1. Click Start, and click Run. The Run dialog box appears.
  2. Type regedit and then click OK. The Registry Editor opens.
  3. Navigate to the following key:

    HKEY_LOCAL_MACHINE\System\CurrentControlSet\Services
  4. In the left pane, under the \Services key, look for the following subkey:

    \Wink[random characters]

  5. Write down the exact file name of the Wink[random characters].exe file
  6. Delete the Wink[random characters] subkey.
  7. Navigate to the following key:

    HKEY_LOCAL_MACHINE\Software\Microsoft\Windows\CurrentVersion\Run
  8. In the right pane, look for the following values, and delete them if they exist:

    Wink[random characters] %System%\Wink[random characters].exe
    WQK %System%\Wqk.exe

    NOTE: They probably will not exist on Windows 2000/XP-based computers, but you should check for them anyway.
  9. Click Registry, and click Exit.

4. Configure Windows to show all files
Do not skip this step.
  1. Start Windows Explorer.
  2. Click the Tools menu, and click "Folder options."
  3. Click the View tab.
  4. Uncheck "Hide file extensions for known file types."
  5. Uncheck "Hide protected operating system files," and under the "Hidden files" folder, click "Show hidden files and folders."
  6. Click Apply, and then click OK.

5. Delete the actual Wink[random characters] file
Using Windows Explorer, open the C:\Winnt\System folder and locate the Wink[random characters].exe file. (Depending on your system settings, the .exe extension may not be displayed.)

NOTE: If you have Windows installed to a location other than C:\Windows, make the appropriate substitution.

6. Empty the recycle bin
Right-click the Recycle bin on the Windows desktop, and click Empty Recycle Bin.

7. Run the Intelligent Updater
Double-click the file that you downloaded in Step 1. Click Yes or OK if you are prompted.

8. Restart the computer
Shut down the computer, and turn off the power. Wait 30 seconds, and then restart it.

CAUTION: This step is very important. Reinfection will occur if this is not followed.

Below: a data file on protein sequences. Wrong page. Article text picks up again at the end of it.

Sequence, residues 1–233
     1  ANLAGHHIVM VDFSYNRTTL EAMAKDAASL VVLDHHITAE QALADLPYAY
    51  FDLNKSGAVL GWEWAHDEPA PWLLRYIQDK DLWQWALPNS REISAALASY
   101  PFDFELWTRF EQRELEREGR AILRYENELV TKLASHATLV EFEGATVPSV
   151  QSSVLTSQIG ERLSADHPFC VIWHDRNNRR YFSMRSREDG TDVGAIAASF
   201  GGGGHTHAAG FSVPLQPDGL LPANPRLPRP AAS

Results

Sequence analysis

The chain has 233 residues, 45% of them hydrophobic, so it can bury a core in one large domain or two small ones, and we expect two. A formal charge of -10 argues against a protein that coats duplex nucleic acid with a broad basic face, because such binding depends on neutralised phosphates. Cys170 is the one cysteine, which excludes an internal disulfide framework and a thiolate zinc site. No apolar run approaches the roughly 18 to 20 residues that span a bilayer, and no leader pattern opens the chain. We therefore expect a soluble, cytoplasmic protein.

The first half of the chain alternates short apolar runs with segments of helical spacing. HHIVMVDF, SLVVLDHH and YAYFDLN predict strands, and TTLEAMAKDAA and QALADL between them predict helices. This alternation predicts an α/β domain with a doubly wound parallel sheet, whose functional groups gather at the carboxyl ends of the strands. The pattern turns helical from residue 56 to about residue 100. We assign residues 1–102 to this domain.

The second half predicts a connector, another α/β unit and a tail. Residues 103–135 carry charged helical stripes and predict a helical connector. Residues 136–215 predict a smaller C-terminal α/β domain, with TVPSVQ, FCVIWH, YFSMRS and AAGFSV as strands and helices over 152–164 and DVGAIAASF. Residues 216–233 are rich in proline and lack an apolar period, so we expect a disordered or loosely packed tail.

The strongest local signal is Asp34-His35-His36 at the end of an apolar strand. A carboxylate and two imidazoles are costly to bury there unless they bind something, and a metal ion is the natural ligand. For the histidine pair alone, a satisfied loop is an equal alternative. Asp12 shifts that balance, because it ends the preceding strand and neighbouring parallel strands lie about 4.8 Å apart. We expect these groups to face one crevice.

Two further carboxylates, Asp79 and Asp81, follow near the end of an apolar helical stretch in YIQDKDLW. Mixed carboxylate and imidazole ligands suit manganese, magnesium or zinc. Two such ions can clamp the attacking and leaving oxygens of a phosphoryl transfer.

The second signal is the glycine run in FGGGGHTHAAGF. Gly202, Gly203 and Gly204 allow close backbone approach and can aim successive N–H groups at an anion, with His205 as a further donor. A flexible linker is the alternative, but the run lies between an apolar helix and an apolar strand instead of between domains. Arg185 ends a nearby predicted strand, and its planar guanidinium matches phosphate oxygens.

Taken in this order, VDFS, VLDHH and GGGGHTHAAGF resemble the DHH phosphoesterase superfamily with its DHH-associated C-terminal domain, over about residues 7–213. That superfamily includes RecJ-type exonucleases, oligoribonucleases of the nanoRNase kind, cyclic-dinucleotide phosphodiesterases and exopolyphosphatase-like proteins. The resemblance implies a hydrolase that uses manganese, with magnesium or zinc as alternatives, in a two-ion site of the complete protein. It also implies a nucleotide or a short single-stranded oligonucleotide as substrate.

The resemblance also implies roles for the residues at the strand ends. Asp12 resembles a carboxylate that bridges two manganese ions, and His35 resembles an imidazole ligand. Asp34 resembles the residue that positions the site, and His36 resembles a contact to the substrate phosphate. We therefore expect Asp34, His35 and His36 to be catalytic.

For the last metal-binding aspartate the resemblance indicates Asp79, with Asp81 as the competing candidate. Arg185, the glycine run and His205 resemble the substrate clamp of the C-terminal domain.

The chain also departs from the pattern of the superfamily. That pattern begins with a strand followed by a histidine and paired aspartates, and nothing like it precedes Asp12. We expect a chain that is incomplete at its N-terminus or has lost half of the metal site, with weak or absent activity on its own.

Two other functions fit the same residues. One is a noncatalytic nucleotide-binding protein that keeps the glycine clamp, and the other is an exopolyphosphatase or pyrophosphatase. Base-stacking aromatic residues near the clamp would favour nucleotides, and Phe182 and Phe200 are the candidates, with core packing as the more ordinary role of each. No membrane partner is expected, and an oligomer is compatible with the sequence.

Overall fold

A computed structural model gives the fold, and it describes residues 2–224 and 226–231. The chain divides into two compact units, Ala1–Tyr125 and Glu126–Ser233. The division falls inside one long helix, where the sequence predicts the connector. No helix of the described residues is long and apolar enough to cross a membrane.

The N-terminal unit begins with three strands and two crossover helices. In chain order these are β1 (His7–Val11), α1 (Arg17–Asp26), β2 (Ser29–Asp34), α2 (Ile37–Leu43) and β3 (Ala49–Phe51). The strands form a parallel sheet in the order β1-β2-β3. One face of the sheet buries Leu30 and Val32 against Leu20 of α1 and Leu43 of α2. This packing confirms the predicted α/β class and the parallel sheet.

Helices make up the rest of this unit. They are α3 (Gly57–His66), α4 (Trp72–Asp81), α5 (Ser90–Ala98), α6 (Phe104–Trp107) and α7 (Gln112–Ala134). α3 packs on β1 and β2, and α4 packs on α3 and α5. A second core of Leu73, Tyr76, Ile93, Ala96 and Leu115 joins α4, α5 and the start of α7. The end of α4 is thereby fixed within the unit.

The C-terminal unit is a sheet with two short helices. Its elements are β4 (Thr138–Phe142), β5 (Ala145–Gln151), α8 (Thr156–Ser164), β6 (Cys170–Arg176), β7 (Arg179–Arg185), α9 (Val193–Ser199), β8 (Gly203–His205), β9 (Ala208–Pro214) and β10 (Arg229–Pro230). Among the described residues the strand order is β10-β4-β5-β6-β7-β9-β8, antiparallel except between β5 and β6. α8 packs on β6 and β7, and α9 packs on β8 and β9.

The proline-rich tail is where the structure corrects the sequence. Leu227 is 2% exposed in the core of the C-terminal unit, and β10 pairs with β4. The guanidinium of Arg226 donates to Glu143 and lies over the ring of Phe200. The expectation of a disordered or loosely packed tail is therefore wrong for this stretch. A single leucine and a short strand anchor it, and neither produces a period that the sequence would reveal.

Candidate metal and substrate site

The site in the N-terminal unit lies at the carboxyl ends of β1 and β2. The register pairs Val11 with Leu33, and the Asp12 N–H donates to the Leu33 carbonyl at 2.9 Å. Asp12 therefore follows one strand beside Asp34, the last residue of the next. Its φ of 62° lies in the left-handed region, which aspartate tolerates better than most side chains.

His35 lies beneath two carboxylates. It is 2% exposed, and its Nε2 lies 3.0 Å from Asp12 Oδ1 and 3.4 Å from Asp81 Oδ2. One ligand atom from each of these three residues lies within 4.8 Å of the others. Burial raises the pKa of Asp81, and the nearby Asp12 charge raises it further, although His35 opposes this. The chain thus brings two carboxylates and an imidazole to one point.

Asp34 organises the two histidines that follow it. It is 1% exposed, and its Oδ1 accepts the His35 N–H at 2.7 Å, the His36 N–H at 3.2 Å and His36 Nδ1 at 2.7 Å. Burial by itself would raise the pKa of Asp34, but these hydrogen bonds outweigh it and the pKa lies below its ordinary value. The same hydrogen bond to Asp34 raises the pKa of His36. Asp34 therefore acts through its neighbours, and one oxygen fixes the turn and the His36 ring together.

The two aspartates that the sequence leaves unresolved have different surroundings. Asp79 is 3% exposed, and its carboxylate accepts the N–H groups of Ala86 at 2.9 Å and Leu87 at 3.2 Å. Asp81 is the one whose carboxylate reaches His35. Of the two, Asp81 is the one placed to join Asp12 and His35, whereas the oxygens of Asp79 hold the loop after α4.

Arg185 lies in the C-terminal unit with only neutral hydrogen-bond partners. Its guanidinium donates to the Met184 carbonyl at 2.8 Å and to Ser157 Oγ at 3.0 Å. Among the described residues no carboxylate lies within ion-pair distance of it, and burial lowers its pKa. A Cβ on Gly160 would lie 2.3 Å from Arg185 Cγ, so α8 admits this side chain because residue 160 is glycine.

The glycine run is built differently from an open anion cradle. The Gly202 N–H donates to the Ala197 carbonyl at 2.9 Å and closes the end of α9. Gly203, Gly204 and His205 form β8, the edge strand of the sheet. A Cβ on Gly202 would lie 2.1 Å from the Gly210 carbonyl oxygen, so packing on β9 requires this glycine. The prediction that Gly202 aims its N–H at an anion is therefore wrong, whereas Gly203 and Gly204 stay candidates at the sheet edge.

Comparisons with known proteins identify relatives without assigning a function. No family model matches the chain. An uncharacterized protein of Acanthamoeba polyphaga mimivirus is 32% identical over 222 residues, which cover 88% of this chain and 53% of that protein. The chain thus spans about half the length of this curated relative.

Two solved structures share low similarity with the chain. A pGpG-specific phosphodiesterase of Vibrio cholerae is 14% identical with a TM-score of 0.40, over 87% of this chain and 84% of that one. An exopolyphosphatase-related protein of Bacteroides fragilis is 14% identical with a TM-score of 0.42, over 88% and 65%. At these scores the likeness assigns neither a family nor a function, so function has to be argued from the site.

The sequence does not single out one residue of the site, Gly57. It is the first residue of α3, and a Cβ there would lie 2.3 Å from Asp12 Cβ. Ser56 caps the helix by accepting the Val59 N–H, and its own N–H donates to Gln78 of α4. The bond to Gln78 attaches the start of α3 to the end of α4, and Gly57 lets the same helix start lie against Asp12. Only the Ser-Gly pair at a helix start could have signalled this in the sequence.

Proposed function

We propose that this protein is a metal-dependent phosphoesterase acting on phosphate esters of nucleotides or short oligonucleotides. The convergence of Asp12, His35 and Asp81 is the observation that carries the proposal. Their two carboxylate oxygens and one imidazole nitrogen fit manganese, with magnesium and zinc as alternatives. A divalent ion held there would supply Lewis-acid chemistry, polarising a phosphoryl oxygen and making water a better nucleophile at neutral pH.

Allow the computer to start normally. If any files are detected as infected by W32.Klez.E@mm or W32.Klez.gen@mm, Quarantine them. Some of the files that you may find are Luall.exe, Rescue32.exe, and Nmain.exe.

9. Scan with Norton AntiVirus (NAV) from a command line
Because some NAV files were damaged by the worm, you must scan from the command line.

NOTE: These instructions are only for consumer versions of NAV. The file Navw32.exe is not part of Enterprise versions of NAV such as NAVCE. The NAVCE command-line scanner, Vpscan.exe, will not remove the worm.
  1. Click Start, and click Run.
  2. Type--or copy and paste--the following, and then click OK:

    NAVW32.EXE /L /VISIBLE
  3. Allow the scan to run. Quarantine any additional files that are detected.

10. Reinstall NAV

NOTE:
If you are using NAV 2002 on Windows XP, this may not be possible on all systems. You can, however, try the following: Open the Control Panel, double-click Administrative Tools, and then double-click Services. In the list, select Windows Installer. Click Action, and then click Start.

Follow the instructions in the document How to restore Norton AntiVirus after removing a virus to reinstall NAV.

11. Restart the computer and scan again
  1. Shut down the computer, and turn off the power. Wait 30 seconds and then restart it.

    CAUTION: This step is very important. Reinfection will occur if this is not followed.
  2. Run LiveUpdate and download the most current virus definitions.
  3. Start Norton AntiVirus (NAV), and make sure that NAV is configured to scan all files. For instructions on how to do this, read the document How to configure Norton AntiVirus to scan all files.
  4. Run a full system scan. Quarantine any files that are detected as infected by W32.Klez.H@mm or W32.Klez.gen@mm.


Writeup By: Atli Gudmundsson